Accordingly, these developments have coincided with recent GNA gains in the other regions of the country. Just weeks later, on the 3rd of June, GNA forces seized control of Tripoli International Airport (TIP). The GNA also recently regained control over a number of southern suburbs in the capital of Tripoli, underscoring the LNA’s shortcomings. On June 3, LNA forces retreated from positions in Ain Zara and Wadi Alrabea to the Fam Mola checkpoint near Tarhunah. According to local media, the LNA has also withdrawn from the Alasaba territory in the Nafousa Mountains, just days after taking the area on the 1st of June.
These developments are pointing towards a shift in the year-long war, in favor of the UN-supported Government of National Accord (GNA). LNA setbacks have been further reflected by the recent withdrawal of Russian military contractors previously supporting Haftar’s LNA forces. In late May, the Libyan government reported that hundreds of Russian military contractors had been evacuated after retreating from the front lines. These fighters reportedly retreated to Bani Walid’s airport, where they were then flown out of western Libya to Jufra, a remote central district and LNA stronghold.
Egypt, which has supported General Haftar, recently proposed a unilateral ceasefire that was rejected by the GNA. With the momentum of their side, the GNA has vowed to retake the city of Sirte. Sirte, which acts as a strategic gateway to Libya’s main oil export ports in the east, was captured by LNA forces in January. This is the same city where former Prime Minister, Muammar al-Gaddafi, put up a last stand in 2011 before being killed. At the time of this piece, GNA forces continue to mobilize in preparation for an offensive on Sirte.
Afghanistan’s Status Following the Signing of the US-Taliban Peace Agreement
On the 29th of February, representatives from the United States, led by special envoy Zalmay Khalilzad, and representatives from the Taliban signed a peace agreement in Doha, Qatar, in what the US hoped would bring an end to America’s longest war, while bringing peace to Afghanistan. The agreement stipulated that foreign troops would begin withdrawing from Afghanistan while the Taliban agreed to prevent any groups from attacking the US or its allies operating within Afghanistan. Furthermore, the agreement established plans for prisoner swaps between the Taliban and Afghan government while planning for direct peace talks to be held between the two groups. As seen in the months following the signing of the peace agreement, however, several of its provisions have yet to be fully realized and violence continues to rise in Afghanistan.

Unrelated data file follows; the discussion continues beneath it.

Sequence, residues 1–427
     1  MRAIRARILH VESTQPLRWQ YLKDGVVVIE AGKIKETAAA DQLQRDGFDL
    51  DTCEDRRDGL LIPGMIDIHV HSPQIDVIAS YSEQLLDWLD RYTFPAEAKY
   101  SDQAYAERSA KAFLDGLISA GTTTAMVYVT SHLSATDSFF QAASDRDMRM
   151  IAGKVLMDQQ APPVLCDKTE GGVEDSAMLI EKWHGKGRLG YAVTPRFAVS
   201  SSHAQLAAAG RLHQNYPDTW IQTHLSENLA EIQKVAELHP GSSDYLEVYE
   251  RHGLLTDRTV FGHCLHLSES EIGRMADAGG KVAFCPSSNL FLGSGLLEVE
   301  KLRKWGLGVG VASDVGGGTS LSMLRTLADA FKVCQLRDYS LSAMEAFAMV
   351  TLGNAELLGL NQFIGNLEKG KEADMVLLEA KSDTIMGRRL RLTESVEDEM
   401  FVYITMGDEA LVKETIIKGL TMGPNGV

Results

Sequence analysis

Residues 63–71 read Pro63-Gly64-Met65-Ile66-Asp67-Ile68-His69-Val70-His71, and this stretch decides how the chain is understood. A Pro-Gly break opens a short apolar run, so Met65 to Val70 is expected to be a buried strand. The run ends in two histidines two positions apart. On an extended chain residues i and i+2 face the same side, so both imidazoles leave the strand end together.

The US, for its part, has abided by its agreement to drawdown and eventually completely withdraw foreign troops. Alternatively, the Taliban does not appear to be completely holding up its side of the deal. A recent report released by the United Nations indicated that the Taliban still maintains close ties with al-Qaeda, thus breaking this stipulation of the agreement. It can be noted, however, that the Taliban appears to be making a concerted effort to combat the Islamic State’s affiliate in Afghanistan, known by the name Islamic State in Khorasan (ISK). This group is suspected of being behind a recent heinous attack on a Kabul maternity ward, resulting in several deaths.
While the Taliban has certainly not fully lived up to its side of the deal, they cannot be entirely blamed for not fulfilling their other obligations as stipulated by the agreement. The Afghan government has at times disputed its obligation to release Taliban prisoners, thus stalling the prisoner exchange as agreed. Moreover, September 2019’s contested presidential elections in Afghanistan left the government with no clear leader. This in turn delayed direct peace talks between the Taliban and the Afghan government. As of the 17th of May, however, Afghan political rivals Ashraf Ghani and Abdullah Abdullah agreed to a power-sharing agreement, by which both would maintain authority within the government. On a positive note, Abdullah has been appointed to head peace talks with the Taliban, thus showing the Afghan government is finally taking an active role in coming to an accord. Moreover, a three-day ceasefire at the end of May shows that both sides are willing to find common ground.
As things stand now in Afghanistan, there is hope that the Taliban and Afghan governments can reconcile and bring lasting peace to Afghanistan. That said, increasing violence in Afghanistan indicate that peace talks likely have a long way to go before a comprehensive accord can be agreed upon by all parties involved in the ongoing Afghan conflict.
Disaster Looms in the Democratic Republic of Congo